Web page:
(34) Why the serpent tells the woman lies, saying, “God has said, Ye shall not eat of every tree in the Paradise,” when, on the contrary, what God really had said was, “Ye shall eat of every tree in the Paradise, except one?” (#Ge 3:4). It is the custom for contending arguers to speak falsely in an artful manner, in order to produce ignorance of the real facts, as was done in this case, since the man and woman had been commanded to eat of all the trees but one. But this insidious prompter of wickedness coming in, says that the order which they had received was that they should not eat of them all. He brought forward an ambiguous statement as a slippery stumbling-block to cause the soul to trip. For this expression, “Ye shall not eat of every tree,” means in the first place either, not even of one, which is false; or, secondly, not of every one, as if he intended to say, there are some of which you may not eat, which is true. Therefore he asserts such a falsehood more explicitly.

(35) Why, when it was commanded them to avoid eating of one plant alone, the woman made also a further addition to this injunction, saying, “He said, Ye shall not eat of it, neither shall ye touch it?” (#Ge 3:3). In the first place she says this, because taste and every other sense after its kind consists in the touch appropriate to it. In the second place she says it that it may seem to condemn them themselves, who did what they had been forbidden. For if even the mere act of touching it was prohibited, how could they who, besides touching the tree, presumed to eat of the fruit, and so added a greater transgression to the lesser one, be anything but condemners and punishers of themselves?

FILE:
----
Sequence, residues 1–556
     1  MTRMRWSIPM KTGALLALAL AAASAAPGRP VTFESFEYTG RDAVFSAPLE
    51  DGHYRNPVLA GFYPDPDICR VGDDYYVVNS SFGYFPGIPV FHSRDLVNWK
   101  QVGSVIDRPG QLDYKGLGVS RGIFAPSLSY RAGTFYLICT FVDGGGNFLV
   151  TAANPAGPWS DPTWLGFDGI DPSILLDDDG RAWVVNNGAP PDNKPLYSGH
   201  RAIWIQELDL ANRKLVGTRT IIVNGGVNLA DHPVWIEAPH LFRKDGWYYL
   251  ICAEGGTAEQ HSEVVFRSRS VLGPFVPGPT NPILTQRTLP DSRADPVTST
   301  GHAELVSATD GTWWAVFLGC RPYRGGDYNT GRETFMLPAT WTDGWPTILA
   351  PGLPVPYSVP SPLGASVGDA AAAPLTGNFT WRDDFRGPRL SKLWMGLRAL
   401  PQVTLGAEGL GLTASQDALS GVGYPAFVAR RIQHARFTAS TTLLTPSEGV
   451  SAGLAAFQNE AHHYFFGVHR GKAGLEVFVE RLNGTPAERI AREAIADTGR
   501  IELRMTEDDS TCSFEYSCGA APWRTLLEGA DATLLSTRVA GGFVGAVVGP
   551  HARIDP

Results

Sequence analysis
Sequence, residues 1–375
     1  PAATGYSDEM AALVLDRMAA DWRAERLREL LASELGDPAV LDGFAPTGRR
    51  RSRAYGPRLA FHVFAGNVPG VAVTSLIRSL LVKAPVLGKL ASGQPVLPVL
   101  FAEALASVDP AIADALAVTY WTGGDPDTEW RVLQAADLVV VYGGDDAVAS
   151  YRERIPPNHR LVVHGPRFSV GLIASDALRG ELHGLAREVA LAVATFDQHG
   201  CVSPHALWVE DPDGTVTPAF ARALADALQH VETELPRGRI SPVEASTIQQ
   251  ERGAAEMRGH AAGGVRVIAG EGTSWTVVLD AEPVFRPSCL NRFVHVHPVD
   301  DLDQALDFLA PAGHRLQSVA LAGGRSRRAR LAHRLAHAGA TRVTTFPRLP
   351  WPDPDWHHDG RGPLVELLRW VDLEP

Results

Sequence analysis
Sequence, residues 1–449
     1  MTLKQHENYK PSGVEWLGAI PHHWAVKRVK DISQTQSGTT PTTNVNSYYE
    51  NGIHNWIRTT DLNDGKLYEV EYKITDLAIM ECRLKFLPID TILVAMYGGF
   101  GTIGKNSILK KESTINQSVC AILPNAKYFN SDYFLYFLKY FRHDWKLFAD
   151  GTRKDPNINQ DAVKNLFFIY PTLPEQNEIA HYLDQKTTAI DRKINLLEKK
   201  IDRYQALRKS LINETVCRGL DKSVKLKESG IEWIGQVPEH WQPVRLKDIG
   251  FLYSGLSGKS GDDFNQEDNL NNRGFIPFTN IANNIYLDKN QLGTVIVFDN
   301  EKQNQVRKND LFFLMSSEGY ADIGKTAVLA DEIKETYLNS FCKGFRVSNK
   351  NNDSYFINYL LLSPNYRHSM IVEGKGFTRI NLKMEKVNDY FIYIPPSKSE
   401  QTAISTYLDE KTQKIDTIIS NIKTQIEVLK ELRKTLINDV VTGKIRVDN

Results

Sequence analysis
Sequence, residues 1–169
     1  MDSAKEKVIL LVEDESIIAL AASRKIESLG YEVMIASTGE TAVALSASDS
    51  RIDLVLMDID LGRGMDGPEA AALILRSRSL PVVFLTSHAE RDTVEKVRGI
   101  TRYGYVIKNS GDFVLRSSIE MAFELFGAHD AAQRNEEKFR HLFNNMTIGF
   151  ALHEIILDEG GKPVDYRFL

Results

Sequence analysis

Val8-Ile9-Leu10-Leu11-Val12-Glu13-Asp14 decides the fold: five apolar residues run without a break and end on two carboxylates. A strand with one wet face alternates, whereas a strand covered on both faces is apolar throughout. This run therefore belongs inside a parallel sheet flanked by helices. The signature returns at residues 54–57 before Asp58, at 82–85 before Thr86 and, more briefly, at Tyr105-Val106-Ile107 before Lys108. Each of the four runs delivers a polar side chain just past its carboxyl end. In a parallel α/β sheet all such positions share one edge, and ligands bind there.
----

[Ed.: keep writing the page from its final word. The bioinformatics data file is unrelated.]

(36) What is the meaning of the expression, “Ye shall be as gods, knowing good and evil?” (#Ge 3:5). Whence was it that the serpent found the plural word “gods,” when there is only one true God, and when this is the first time that he names him? But perhaps this arises from there having been in him a certain prescient wisdom, by which he now declared the notion of the multitude of gods which was at a future time to prevail amongst men; and, perhaps, history now relates this correctly at its first being advanced not by any rational being, nor by any creature of the higher class, but as having derived its origin from the most virulent and vile of beasts and serpents, since other similar creatures lie hid under the earth, and their lurking places are in the holes and fissures of the earth. Moreover, it is the inseparable sign of a being endowed with reason to look upon God as essentially one being, but it is the mark of a beast to imagine that there are many gods, and these too devoid of reason, and who can scarcely be said with propriety to have any existence at all. Moreover, the devil proceeds with great art, speaking by the mouth of the serpent. For not only is there in the Divinity the knowledge of good and evil, but there is also an approval of what is good and a repudiation of what is evil; but he does not speak of either of these feelings because they were useful, but only suggested the mere knowledge of the two contrary things, namely, of good and evil. In the second place, the expression, “as gods,” in the plural number, is in this place not used inconsiderately, but in order to give the idea of there being both a bad and a good God. And these are of a twofold quality. Therefore it is suitable to the notion of particular gods to have a knowledge of contrary things; but the Supreme Cause is above all others.